How to Buy Life Insurance as a Freelancer

Is life insurance something you’ve been considering? Here’s what you should know about buying a policy as a freelancer.

By Leanna Lee • Dec 15, 2021

Financial stability is on everyone’s mind right now. And since freelancing doesn’t come with a benefits package, it makes sense to consider all your options. Life insurance helps support your family financially if something happens to you, protection that can be an added bonus when you’re your own boss.

What exactly is life insurance and how does it work?

Life insurance is a legal contract between you and your provider. You promise to pay a regular premium in return for a guaranteed, tax-free cash payout or “death benefit.” If you die while your policy is active, that payment goes to your family to help them pay bills, debts, or save for the future.

Life insurance can be a great option for freelancers because it replaces your income if something happens to you.

Sadly, life insurance premiums aren’t tax-deductible for most freelancers. The IRS doesn’t consider life insurance premiums a necessary business expense, especially if you aren’t incorporated. In general, you can only write them off if you are paying for worker’s benefits or protecting business assets.

Types of Insurance

There are two main types of life insurance: term life and permanent.

Term Life

Term life keeps you covered for a set period of time, usually from 5 to 30 years. You choose the length and amount of coverage that works best for you and pay a monthly or yearly premium for the length of your policy term. Once it runs out, you can often renew your policy for a higher rate or convert it to a different one.

Because it’s flexible and technically temporary, term life tends to be the most affordable insurance option.

Permanent Life

Like the name suggests, permanent insurance lasts a lifetime, as long as you pay your premiums. It also has another benefit: cash value. With cash value, a small percentage of your premium is put in a separate account to grow and earn interest over time. You can withdraw it to use as income, as collateral for a loan, similar to a line of credit. But you do have to pay it back with interest if you want to keep the policy.

Permanent insurance plans are usually more expensive than term life ones, but the perks can outweigh the costs.

Other types of insurance include:

  • Final expense. This smaller plan is designed to help you cover end-of-life costs like funeral expenses or medical bills.
  • Accidental death benefit. With this plan, your insurance will pay out a death benefit to your beneficiary if you die in an accident.

A lot of people ask, “why buy life insurance if I can just save?” And it depends. Savings are crucial in a crisis and having life insurance shouldn’t stop you from building an emergency fund. But can that fund support your family if something were to happen to you? It all comes down to your unique needs and situation.

The Application Process

When you apply for a policy, companies will look at your age, situation, financial needs, and health to see how risky it would be to insure you. If you’re young and healthy, you’re more likely to get covered and pay lower rates.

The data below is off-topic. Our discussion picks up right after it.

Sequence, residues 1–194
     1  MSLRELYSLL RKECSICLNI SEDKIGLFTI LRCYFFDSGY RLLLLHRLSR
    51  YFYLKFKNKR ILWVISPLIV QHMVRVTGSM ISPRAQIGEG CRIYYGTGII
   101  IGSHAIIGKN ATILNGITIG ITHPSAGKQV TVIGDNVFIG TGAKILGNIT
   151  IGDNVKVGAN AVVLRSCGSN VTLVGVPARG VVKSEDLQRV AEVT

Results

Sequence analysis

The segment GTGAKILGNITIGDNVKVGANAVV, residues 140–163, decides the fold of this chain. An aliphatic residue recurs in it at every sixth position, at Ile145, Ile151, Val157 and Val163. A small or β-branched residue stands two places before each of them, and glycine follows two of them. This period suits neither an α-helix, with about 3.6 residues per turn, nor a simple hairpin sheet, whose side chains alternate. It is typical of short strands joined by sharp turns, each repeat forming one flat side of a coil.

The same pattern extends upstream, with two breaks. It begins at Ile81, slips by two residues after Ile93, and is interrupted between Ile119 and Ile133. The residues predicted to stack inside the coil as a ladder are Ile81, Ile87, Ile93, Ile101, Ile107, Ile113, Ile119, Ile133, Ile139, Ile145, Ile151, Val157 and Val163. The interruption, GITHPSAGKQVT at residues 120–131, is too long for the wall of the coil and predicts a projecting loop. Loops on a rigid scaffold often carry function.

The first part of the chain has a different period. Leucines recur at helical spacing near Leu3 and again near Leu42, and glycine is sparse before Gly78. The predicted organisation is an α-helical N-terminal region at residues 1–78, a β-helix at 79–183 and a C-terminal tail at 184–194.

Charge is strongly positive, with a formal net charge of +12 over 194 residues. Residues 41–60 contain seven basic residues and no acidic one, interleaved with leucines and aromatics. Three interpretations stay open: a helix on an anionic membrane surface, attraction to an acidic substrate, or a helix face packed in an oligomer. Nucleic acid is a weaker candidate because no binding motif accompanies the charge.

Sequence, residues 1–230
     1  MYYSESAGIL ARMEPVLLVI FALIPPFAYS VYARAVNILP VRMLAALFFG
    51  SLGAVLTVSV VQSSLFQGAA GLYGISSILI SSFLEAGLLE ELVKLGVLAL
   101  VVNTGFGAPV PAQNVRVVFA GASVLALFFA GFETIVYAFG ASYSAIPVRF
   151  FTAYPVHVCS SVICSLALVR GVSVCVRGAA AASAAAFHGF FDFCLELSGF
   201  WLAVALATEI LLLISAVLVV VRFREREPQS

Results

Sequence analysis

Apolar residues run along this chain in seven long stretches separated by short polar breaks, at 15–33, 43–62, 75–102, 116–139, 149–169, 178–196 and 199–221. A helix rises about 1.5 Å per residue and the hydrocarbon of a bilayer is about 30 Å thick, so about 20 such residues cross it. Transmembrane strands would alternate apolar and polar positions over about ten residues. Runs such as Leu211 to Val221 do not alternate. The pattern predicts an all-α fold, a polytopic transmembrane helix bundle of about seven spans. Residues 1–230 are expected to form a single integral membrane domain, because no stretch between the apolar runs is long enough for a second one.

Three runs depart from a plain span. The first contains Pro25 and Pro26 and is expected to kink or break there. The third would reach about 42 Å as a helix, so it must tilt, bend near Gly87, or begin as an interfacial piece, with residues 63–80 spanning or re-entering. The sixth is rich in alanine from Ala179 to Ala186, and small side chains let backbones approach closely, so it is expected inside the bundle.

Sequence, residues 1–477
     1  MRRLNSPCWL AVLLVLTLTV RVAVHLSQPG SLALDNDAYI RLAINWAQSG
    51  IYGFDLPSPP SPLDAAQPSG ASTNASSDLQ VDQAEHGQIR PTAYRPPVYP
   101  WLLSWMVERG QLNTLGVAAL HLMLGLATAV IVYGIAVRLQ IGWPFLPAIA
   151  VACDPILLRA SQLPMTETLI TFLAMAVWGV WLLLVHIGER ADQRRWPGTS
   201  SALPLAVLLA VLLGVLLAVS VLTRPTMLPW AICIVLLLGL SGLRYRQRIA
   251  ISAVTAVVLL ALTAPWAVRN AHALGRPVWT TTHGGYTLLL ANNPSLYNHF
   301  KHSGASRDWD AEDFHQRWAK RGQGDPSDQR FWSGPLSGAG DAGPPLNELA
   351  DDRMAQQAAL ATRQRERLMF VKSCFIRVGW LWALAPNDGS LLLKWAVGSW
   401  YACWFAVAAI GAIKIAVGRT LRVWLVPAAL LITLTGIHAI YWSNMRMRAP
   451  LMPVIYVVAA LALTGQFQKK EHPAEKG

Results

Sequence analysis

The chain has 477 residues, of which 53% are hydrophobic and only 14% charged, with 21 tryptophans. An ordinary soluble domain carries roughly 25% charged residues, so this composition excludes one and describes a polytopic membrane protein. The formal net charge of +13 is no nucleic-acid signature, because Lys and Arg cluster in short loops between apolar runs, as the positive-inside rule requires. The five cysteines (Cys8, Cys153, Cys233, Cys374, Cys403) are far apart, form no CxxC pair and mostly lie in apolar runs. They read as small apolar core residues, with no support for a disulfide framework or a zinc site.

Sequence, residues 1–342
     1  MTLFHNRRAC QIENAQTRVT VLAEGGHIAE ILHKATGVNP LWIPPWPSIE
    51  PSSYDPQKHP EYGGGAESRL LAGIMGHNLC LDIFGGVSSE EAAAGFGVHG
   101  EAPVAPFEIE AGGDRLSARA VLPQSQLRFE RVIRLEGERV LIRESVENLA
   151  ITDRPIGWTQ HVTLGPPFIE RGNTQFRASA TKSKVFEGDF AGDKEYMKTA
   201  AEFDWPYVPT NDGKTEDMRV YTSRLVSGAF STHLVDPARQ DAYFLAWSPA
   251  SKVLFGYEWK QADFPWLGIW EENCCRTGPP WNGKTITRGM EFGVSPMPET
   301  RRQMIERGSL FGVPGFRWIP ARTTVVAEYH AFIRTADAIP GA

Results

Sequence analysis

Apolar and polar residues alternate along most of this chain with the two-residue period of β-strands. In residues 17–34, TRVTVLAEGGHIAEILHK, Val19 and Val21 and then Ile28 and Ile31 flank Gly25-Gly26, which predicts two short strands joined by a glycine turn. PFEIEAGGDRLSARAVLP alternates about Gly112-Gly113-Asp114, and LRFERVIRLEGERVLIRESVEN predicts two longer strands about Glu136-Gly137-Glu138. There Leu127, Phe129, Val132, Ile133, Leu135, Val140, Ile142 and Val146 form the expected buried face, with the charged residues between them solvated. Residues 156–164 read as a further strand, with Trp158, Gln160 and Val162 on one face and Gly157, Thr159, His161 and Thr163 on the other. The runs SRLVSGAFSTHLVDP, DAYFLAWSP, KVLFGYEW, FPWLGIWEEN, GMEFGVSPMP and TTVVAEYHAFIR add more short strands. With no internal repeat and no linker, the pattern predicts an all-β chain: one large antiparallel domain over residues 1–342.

Providers will ask about your height and weight, whether you smoke, drink, or take drugs, any medical issues, and your family’s health history. They’ll also check public databases for previous insurance policies, your driving record, and other information.

With term and permanent plans, you usually have to take a medical exam as part of your application. Medical exams are meant to confirm the health information you gave when you applied and check to see if you have any other current or potential health issues.

Once the life insurance company has everything they need, they’ll let you know if they can cover you and offer you a policy rate. If you are a smoker or have health issues, you may end up paying more for coverage. But in the end, it really depends on your overall health and current lifestyle choices.

And if you’re concerned about your health affecting your rate, there are still options. Some life insurance policies like simplified and guaranteed issue insurance don’t require an exam and in most cases, won’t reject you for health reasons.

How To Get Started

Begin by figuring out your financial situation. You’ll want to add up all your income, daily expenses, assets like savings or investments, and debts to get the full picture. Keep in mind how many people are dependent on your income, like your partner, kids, or elderly parents.

The difference between your costs and any assets you have will tell you how much coverage you need. According to CNN Money, a good rule of thumb for life insurance coverage is 7-10x your yearly income.

If your exact income is a little hard to pin down, try averaging the numbers from your last couple tax returns. Or take your best freelancing year so far and use that as a model. Here’s a life insurance calculator from NerdWallet to help you figure it out.

Once you have a handle on your finances and know the type of coverage you’re looking for, you can start shopping around for a policy. But you won’t need to go far.

Freelancer’s Union doesn’t just offer deals on health insurance, they’ve also partnered with Guardian to offer a term life plan. It comes with a handy rate sheet, so you’ll always know what you’re spending. Want a permanent policy instead? Here’s a roundup of the best life insurance companies of 2021 from PolicyGenius.

Even if it’s not tax-deductible, life insurance could be a good addition to your freelance benefit arsenal, especially after a year like 2020.

Written by
Leanna Lee

Leanna is a content writer and journalist focusing on the future of work, tech, and mental health. She also co-hosts a mental health podcast for small businesses. Learn more about her and her work on her website.

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